You have your beautiful sourdough starter, but then something happens, my be life happens and you stuck your buddy in a jar in the fridge and ….forget about it for a long while…..The poor thing looks dead once you finally have time to attend to it. I think you should definitely give a try at reviving your starter. Here is how I revived my starter:
This is what my sourdough starter looked like when I finally got it out of the fridge. It had a half an inch of think BLACK liquid on top. Usually, if you forget to feed your starter you will see some liquid on top – it’s called hooch. some people stir it in – to make the flavor more sour, some people prefer to pour it out and feed starter as always. This one looked different, I thought my starter was dead. I left starter in the fridge for a more than 3 months, so when I got it out of the fridge I was sure ti was dead.
I also had a third jar with sourdough starter. Third one didn’t sit in the fridge as long as two above, but it was also looking not so good. It has this grey/black-ish spot besides having “hooch”:
How to bring sourdough starter back to life:
#1. Remove the liquid
Even though sometimes you can mix in the liquid (“hooch”), in this extreme situation I decided to pour it out. Get rid of the liquid that is on top of your starter. Just dump it in a sink.
#2. Scrape off top layer
Once the liquid is gone, I scarped off the top layer that was under the hooch. My top layer was grey-ish color. By scraping the top layer, I was trying to get rid of any possible bacteria that might be still in a jar.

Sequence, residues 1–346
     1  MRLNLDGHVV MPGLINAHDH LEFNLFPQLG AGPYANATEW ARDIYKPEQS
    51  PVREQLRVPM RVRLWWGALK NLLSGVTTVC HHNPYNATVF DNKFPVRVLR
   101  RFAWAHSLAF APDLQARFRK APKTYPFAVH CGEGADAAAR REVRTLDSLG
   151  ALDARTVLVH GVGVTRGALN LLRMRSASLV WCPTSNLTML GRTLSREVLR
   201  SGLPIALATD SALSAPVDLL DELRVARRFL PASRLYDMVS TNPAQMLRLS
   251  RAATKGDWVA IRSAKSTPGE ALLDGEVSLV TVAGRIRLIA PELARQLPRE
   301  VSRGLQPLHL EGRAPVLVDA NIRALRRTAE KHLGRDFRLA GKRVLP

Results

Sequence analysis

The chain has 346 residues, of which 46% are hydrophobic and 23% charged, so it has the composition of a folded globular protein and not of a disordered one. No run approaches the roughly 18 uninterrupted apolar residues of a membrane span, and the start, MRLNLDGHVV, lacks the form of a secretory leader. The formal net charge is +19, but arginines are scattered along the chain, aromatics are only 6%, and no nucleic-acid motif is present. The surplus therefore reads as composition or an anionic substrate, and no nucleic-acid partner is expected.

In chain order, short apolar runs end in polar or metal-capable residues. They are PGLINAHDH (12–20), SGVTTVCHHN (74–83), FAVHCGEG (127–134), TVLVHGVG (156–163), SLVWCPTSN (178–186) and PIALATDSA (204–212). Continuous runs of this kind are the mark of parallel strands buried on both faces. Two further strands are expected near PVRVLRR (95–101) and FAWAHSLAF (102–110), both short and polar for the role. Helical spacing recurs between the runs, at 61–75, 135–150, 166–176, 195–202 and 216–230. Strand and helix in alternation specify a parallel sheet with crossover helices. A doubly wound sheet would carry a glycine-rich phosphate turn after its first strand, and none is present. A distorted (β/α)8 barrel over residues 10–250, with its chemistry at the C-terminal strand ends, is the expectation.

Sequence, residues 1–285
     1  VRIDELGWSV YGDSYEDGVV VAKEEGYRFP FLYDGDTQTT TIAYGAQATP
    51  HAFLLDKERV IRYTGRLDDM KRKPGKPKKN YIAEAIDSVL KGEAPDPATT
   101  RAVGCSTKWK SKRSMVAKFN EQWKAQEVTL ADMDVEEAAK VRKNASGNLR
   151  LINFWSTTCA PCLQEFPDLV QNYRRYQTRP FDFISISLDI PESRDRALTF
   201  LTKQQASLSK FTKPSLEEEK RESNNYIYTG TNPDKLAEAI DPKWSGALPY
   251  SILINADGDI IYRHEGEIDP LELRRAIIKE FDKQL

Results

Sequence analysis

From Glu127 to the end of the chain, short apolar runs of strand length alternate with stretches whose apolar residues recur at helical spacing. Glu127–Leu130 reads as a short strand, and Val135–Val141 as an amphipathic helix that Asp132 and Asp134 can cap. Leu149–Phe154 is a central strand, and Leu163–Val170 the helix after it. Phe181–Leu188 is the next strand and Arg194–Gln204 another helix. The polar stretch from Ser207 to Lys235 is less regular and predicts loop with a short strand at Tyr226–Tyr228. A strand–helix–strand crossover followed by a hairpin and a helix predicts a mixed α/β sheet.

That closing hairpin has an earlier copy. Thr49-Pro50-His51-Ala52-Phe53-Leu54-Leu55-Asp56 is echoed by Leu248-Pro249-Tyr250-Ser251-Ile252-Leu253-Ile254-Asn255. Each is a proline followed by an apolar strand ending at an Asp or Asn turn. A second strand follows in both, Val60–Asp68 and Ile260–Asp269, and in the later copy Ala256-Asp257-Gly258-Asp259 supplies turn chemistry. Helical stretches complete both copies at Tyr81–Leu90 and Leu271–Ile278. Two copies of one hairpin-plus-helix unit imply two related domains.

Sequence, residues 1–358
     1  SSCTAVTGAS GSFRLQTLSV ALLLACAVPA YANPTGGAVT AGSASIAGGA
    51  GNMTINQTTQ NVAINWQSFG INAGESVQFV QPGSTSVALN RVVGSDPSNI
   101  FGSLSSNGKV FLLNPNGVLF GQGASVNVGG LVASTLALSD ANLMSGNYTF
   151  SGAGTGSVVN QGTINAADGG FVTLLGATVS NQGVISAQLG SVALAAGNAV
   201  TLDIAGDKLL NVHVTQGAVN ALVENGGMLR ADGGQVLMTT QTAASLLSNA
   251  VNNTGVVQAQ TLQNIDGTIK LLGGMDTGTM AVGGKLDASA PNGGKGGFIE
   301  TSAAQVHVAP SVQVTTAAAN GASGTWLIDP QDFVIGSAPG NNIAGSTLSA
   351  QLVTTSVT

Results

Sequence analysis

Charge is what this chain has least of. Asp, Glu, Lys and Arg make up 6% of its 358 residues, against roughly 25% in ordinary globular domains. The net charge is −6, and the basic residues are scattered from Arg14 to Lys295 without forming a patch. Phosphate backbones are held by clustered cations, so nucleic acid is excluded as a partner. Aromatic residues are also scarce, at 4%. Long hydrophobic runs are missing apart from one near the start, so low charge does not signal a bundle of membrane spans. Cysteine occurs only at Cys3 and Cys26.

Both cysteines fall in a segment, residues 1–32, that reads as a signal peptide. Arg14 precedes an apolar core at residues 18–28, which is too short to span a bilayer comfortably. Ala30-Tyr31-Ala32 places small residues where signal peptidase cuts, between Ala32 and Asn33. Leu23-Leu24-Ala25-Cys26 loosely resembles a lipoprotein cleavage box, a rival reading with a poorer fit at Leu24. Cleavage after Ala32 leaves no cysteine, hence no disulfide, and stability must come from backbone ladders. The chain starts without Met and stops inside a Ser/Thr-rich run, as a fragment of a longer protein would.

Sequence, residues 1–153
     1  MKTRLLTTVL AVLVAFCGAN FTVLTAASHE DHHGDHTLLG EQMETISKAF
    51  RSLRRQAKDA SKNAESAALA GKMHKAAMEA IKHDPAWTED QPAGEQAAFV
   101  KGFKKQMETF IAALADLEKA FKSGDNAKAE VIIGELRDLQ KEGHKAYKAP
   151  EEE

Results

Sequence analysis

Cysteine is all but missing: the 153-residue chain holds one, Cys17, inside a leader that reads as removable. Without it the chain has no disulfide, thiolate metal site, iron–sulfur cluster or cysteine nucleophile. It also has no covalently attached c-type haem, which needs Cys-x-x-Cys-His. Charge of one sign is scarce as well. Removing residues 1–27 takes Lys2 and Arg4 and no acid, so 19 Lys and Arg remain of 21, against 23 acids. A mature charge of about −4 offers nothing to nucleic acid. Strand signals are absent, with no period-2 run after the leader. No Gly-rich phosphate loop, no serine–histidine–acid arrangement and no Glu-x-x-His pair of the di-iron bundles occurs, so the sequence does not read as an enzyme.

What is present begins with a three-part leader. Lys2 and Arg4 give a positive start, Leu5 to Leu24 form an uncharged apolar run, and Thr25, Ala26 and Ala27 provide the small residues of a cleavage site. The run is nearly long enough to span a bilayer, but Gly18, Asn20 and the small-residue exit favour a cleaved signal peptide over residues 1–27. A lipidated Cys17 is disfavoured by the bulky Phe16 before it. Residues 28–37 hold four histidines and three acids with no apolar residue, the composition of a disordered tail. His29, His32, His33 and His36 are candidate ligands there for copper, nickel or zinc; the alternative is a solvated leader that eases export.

#3. Feed your starter
This step is familiar to you. Just feed your starter like you would always do. Don’t change proportions or anything. I didn’t change jars – I used same jars, didn’t clean them. Just fed it in the same proportions like always – 1 part starter : 1 part water : 1 part four. Your feeding proportions might differ.
#4. Watch it bubble
While you are reviving your starter, I would not put it back in the fridge. I would leave it on the counter, in a warm, draft free corner. Also, make sure your kitchen is not too cold, I would say try your starter in at least 70 degrees while you are trying to bring it back to life. Once it’s alive and bubbly, you can follow your routine – either leave it on the counter or have it in the ridge.
Once it is fed and sitting on the counter we need to watch for bubbles! Bubbles, even tiny bubbles, one, two or even three bubbles it is a GOOD sign. They may appear right away after 2-30 minutes of you feeding your starter, but don’t get discouraged if you don’t see them right away. Leave your starter on the counter for at least 12 hours before reviewing the results.
This is what my starter looked like right after feeding it – you can see 3 tiny bubbles.
Depending on temperature in your house and state of your starter it might take you 2 or more feeds to get back to happy bubbly state.
If your starter is not doubling even after 2 feeding, but you know it is still alive, you can these troubleshooting tips:
This is what mine looked like after revived it. TA-DA! it’s bubbly and active and I can bake with it now.
However, if all that didn’t work, you can always try to create sourdough starter from scratch or buy one.
Benefit of buying a starter is that you can buy an established one, that will survive no matter what or how long you leave it in the fridge. Speaking from personal experience, I bought this one and I do not regret it, no matter what I put it through, it takes me one or two feeds to get it back to bubbly state and ready for baking.